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[Gcl-devel] Re: Calling for top ten ANSI issues ...

From: Christophe Rhodes
Subject: [Gcl-devel] Re: Calling for top ten ANSI issues ...
Date: Tue, 23 Sep 2003 09:25:10 +0100
User-agent: Gnus/5.1002 (Gnus v5.10.2) Emacs/21.3 (gnu/linux)

"Paul F. Dietz" <address@hidden> writes:

> Camm Maguire wrote:
>> OK, I've put in code (not yet committed) in subtypep to coerce symbols
>> to the class they may name if possible, and resolve the subtype
>> relationship according to the class precedence list, i.e. just as
>> subtypep handles class object arguments at present.
>> A few type/class questions:
>> 1) I'm assuming from what I read that the above logic is valid.
>> 2) I'm assuming that there is no analogous logic I can use to process
>>         subtypep relationships between instances of classes
>> 3) Our subtypep function really needs help.  Its mostly a list of
>>         one-off relationships at present.  Do you know of a more
>>         elegant algorithm, likely recursive, to handle non-class type
>>         relationships in subtypep in a more robust fashion?
> Getting SUBTYPEP to work well was a lot of work for the SBCL/CMUCL
> developers (the test cases showed up lots of problems there.)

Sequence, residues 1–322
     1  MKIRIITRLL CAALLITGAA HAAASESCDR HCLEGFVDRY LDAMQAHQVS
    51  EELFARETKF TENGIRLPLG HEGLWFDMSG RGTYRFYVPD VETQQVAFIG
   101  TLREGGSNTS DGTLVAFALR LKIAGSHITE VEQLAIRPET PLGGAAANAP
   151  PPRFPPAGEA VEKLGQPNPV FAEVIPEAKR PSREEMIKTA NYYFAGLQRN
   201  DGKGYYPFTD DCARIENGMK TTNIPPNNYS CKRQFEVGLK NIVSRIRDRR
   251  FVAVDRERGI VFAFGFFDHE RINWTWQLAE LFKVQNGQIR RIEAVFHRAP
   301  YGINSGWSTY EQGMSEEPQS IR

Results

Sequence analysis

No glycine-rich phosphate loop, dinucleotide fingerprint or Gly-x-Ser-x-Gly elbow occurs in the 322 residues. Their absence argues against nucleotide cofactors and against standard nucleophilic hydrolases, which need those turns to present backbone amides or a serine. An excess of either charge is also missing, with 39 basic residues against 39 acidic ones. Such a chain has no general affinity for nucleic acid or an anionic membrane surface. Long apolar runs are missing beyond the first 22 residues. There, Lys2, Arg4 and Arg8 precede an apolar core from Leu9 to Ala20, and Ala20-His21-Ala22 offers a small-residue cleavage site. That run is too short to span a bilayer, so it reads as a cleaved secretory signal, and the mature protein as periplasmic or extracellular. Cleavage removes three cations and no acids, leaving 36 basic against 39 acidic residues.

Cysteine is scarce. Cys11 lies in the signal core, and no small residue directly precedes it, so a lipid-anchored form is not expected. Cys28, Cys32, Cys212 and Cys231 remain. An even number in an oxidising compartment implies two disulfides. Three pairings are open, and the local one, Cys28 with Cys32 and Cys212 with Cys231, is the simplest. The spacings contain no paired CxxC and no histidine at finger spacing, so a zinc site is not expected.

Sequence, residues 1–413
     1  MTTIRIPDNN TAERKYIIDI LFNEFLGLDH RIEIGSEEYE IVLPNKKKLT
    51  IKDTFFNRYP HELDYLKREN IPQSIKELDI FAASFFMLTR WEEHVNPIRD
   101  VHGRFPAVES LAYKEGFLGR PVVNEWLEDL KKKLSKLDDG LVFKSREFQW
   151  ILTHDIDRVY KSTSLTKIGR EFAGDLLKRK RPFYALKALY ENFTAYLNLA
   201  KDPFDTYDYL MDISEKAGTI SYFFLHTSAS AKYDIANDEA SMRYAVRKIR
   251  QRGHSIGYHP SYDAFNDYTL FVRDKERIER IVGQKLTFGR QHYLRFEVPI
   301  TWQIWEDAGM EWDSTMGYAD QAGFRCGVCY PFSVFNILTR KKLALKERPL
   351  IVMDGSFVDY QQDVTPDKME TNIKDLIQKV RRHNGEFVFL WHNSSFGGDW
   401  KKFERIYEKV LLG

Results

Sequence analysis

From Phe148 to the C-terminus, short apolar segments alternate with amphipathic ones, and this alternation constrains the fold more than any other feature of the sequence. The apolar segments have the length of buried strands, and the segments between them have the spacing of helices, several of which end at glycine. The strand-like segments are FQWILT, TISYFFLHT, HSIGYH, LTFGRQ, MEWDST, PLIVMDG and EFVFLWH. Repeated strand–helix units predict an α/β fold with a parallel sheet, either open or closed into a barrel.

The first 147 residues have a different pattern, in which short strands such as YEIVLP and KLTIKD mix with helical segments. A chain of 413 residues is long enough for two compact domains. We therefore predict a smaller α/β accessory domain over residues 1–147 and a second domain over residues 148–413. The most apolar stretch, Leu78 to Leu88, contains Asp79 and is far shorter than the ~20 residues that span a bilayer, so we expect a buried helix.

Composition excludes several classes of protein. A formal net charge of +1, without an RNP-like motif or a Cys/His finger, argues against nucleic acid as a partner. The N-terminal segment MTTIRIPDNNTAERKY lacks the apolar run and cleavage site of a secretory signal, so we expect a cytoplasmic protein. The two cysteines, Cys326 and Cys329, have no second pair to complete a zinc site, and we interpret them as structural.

Yes.  More below.

> Baker has an algorithm from the early 1990s that does well, *except*
> on CONS types (where it can take exponential time; the compound CONS
> type was added to the Common Lisp standard shortly after Baker wrote
> this paper.)  ECL uses this algorithm.

I'm not sure, but I think Baker's algorithm _might_ have some problems
with the KEYWORD and ATOM types.  I want to reread his paper at some
point when I have time.

> The exponential cases all have and/or/not in them somewhere,
> though, so it's ok to give up when you see those.  This is an area
> where standards compliance allows the implementation to get away with
> doing very little.  There are many tests in the test suite on subtypep
> that can be passed by either successfully computing the subtypep relationship
> or by failing (returning NIL NIL).

Baker makes the point, quite strongly followed in SBCL, that the
SUBTYPEP is actually mostly an implementation-assisting function, in
that it allows the compiler to reason about the code it's compiling;
it happens to be exposed to the user.  Given this, in SBCL I took the
philosophy that returning NIL, NIL was almost as bad as being wrong,
so we have an "ambitious" SUBTYPEP.  If the SUBTYPEP function is
completely divorced from the internal machinery, then an adjusted
Baker algorithm, giving up quickly in the difficult case, is probably


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